They’re just about everywhere: in schools, in book stores, toy shops, home improvement outlets, and in the hands of many School District 69 students, as well as others across the globe.
They’re also being destroyed en masse in Germany, and being introduced to an orangutan in Austria.
They’re called fidget spinners, and if they’ve got your head spinning, you’re not the only one.
The spinners are small, hand-held devices with a bearing at the centre and weights around the edge. They are held at the centre bearing and spun between the fingers, on a table, or while passed between friends.
That’s what people can do with them. But what they can do for people is much debated.
Proponents of the toy, originally invented in 1993 according to the New York Times, say it’s a tool to reduce stress or help people on the autism spectrum or with ADHD to focus by giving their overworked senses something occupy them.
A Kickstarter campaign for a “fidget cube” to do just that in 2016 kicked off a craze that saw the spinners rise in popularity, and go from supposed tool to toy.
Qualicum Toy Shop began selling the spinners about two months ago, said owner Shelley Ross.
They are also being sold at local dollar stores, at Mulberry Bush Book Store and many other local businesses.
Rachel Chambers, a 12-year-old at Springwood Elementary School, said she first heard of fidget spinners about three months ago.
“On Instagram I saw these videos of fidget spinners, and my friend had sent me cool videos of them also. She was really obsessed with them.”
At first she didn’t get the point, she said. Most of the kids at her school weren’t using them properly, instead throwing them around and whatnot.
But once she tried one for herself, she changed her mind. Now Rachel has four of the spinners, and takes them pretty much everywhere.
“It helps me focus a little bit,” she said. “They are good if I’m mad at my sister or something and we’re fighting… it’s just good to spin it. A lot of my classmates are fidgety, and we use them.”
“When she’s talking, she uses them quite a bit,” said Rachel’s mom, Heather. “If she’s had a bad day, she will stand in the kitchen and yack with me while she’s spinning her fidget spinner. (It) kind of helps her concentrate her thoughts a little.”
Rachel estimates more than half of her classmates have the toys, adding they are starting to get on their teachers’ nerves.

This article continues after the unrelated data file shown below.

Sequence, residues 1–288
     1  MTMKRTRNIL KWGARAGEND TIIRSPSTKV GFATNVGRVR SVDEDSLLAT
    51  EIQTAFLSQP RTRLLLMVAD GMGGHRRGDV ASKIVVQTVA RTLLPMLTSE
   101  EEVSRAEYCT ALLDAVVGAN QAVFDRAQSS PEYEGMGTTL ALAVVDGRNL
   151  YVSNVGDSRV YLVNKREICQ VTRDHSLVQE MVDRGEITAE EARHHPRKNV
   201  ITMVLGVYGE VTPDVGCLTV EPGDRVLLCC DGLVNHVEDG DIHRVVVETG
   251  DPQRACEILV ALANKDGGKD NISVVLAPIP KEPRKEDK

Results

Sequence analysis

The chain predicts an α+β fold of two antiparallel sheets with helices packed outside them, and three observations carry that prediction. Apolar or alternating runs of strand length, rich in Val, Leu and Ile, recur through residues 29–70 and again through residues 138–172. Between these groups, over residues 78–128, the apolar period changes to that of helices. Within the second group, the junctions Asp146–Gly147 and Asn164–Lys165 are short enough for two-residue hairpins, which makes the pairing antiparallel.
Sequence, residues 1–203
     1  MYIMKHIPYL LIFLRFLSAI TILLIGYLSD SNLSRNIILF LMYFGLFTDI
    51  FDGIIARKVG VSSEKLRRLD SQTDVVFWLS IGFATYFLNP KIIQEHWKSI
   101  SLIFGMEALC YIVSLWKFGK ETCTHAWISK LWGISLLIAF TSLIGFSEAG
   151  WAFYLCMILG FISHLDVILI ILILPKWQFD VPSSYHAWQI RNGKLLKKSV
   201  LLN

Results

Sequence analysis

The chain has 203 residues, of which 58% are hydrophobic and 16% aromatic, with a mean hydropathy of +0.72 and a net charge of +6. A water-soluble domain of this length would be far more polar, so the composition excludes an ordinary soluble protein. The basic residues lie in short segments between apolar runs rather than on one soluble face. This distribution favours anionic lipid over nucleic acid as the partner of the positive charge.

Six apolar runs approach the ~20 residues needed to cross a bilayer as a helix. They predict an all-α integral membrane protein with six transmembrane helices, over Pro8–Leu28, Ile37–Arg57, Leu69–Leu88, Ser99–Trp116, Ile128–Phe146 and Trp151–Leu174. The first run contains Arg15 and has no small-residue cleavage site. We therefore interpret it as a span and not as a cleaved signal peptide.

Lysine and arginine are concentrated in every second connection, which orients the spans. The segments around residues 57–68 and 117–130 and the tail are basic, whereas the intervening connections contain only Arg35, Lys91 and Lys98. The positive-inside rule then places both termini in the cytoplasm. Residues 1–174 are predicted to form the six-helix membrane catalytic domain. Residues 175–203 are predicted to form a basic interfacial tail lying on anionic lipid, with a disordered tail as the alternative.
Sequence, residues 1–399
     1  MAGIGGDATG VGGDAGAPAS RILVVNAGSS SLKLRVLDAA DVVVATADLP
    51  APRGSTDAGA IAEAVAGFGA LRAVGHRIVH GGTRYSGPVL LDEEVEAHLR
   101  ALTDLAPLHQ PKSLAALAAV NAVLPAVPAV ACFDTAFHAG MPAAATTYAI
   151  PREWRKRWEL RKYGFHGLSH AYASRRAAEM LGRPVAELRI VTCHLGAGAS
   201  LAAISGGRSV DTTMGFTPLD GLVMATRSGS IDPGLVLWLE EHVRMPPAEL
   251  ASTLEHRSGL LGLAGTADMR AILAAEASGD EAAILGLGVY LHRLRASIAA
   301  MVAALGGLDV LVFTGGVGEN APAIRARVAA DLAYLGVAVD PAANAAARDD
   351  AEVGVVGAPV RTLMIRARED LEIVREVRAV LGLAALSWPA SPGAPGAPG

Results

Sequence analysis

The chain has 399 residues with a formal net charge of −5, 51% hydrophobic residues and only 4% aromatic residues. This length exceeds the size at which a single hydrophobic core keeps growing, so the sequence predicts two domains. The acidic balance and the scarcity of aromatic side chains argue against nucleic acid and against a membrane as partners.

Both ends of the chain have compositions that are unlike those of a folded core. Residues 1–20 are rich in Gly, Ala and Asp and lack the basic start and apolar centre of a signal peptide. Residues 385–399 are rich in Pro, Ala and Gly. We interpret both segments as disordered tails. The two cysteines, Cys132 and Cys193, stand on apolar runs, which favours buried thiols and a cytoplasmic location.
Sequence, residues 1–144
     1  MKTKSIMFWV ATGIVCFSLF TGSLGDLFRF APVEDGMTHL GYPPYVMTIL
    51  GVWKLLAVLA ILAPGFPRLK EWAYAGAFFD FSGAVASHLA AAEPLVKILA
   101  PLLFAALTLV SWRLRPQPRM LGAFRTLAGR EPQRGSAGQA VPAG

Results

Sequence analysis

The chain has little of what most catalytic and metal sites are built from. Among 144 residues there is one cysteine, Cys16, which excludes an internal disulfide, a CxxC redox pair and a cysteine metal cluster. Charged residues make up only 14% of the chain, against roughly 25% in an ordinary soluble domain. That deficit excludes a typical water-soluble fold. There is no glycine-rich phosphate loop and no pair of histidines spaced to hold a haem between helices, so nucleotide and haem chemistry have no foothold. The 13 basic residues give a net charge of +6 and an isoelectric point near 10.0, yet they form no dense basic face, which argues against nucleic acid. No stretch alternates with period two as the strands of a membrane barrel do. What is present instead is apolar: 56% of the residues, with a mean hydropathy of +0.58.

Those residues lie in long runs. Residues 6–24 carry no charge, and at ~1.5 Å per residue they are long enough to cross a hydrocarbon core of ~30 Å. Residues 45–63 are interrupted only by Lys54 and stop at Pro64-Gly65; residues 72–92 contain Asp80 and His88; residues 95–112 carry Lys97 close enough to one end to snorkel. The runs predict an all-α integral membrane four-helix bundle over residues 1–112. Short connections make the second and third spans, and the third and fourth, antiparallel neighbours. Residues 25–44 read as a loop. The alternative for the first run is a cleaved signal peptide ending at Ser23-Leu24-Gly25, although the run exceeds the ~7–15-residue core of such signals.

“I know my teacher’s not a big fan of them,” said Rachel.
Deirdre Janssen, a Grade 1 teacher at Oceanside Elementary, said she doesn’t let her students use them in class, even though one of her sons is on the autism spectrum.
“The whole point of a fidget toy is for the child to be able to hold something in their hand, like my son has one in his class, where it’s supposed to be small, and it’s inconspicuous and it doesn’t distract the learning of any other students,” said Janssen. “It gives the body a sensory stimuli to hold onto something, and it keeps the body busy so that the mind can focus.
“There are tons of different fidgets out there: squishy balls, some kids have play doh, stickers, all those kinds of things.”
But the problem now is the spinners are being marketed to everyone as a toy — some make noise and others light up — though kids still try to justify using them as a tool to focus.
“Even my own son is trying to justify the use of them in class because of the claims of it being a fidget (tool), but they are not using them as a fidget,” said Janssen.
Even if they’re used properly, some therapists say there is no evidence that fidget devices help with focusing or stress, while others claim they do, according to dozens of news articles in the mainstream media attempting to give a ruling on the devices.
Dr. Wilma Arruda, a Nanaimo pediatrician and advocacy chair for the B.C. Pediatric Society, said she’s not convinced the spinners have much value at all, and worries they could distract from more healthy pursuits.
Though she notes that, if research comes out claiming otherwise, she might change her mind.
“I think right now we are in a world of mostly opinion rather than actual documented research on these things,” she said.
Arruda said she doubts the spinners have much of a positive effect for kids in general, though she feels they might have some small benefit for some children with conditions like autism or ADHD.
Considering the spinners’ popularity, her worry is that they are another sedentary activity that keep kids from being physically active and getting their “fidgety-ness” out in more healthy ways.
“I don’t think I would recommend a fidget toy to my families,” she said.
Janssen said the way spinners are being used by most students now, they have no educational value.
Rachel Chambers’ mom and dad, on the other hand, said they don’t quite get how it works, but that they have no problem with the toy.
“I’d rather the kids have those than phones in class,” said Heather Chambers.
Ross said her five- and seven-year-old kids have fidget spinners of their own. “They go walking around with them balanced on their finger. They are fun, right? There are worse things to do with your time, for sure.”